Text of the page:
Sunday, October 30, 2005

Art Deconstructed

If you've ever pondered modern art and artists and been a bit confused, the following post is for you. Express Yourself, It's Later Than You Think

via metafilter

Wednesday, October 26, 2005

The Pacific Northwest Tree Octopus

It's amazing, I studdied marine biology for all those years and never learned a thing about the amazing Octopus paxarbolis, probably because it lives in trees instead of the ocean, duh! (Hey Bob, have you seen one of these yet?)

via Ronnie at Gubment Work

Tuesday, October 25, 2005

Source Code Display

Why is source code display stuck in the 70s? As programmers we've parented a wide array of innovations across the spectrum of software but we still live with simple colored text as our primary means of communication. Talk about lowest common denominator! I don't know about you but I want more.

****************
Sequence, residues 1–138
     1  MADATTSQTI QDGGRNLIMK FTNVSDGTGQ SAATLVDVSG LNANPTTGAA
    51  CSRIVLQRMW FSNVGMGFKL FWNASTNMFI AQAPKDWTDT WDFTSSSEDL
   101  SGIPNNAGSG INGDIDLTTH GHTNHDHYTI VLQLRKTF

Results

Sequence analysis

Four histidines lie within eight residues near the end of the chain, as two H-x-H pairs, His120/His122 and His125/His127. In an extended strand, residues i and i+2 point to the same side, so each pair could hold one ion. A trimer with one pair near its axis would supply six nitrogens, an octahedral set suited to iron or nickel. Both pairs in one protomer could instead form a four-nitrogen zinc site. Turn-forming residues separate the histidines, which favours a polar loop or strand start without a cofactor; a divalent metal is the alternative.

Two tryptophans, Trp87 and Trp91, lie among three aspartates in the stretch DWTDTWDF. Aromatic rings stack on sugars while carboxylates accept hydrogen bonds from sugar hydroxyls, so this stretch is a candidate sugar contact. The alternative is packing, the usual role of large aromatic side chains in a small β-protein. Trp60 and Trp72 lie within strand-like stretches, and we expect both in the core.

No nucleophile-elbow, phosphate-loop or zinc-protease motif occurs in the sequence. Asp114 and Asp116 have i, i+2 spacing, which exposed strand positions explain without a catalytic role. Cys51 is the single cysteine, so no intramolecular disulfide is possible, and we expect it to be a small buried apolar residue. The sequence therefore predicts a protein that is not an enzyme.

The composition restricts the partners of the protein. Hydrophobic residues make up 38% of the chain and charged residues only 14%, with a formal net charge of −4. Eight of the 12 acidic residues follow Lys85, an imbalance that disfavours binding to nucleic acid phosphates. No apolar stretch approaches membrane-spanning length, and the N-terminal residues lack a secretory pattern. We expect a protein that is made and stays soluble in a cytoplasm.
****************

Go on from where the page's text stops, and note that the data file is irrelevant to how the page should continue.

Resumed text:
I've made a little HTML mockup of what I think code should look while being edited. I choose to use Java as the language being displayed, but the basic ideas should work for most languages; certainly the block structured ones anyway.

I used HTML and CSS for my mockup and it was pretty fun tinkering with the look. I don't expect it appeals to everyone but that's OK. What I really want is for modern editors to just auto-magically create a tagged up version of the code based on standard syntax components, like blocks and keywords and then allow us developers to design our own CSS style sheets to display it. That's just what I did, but I did it by hand.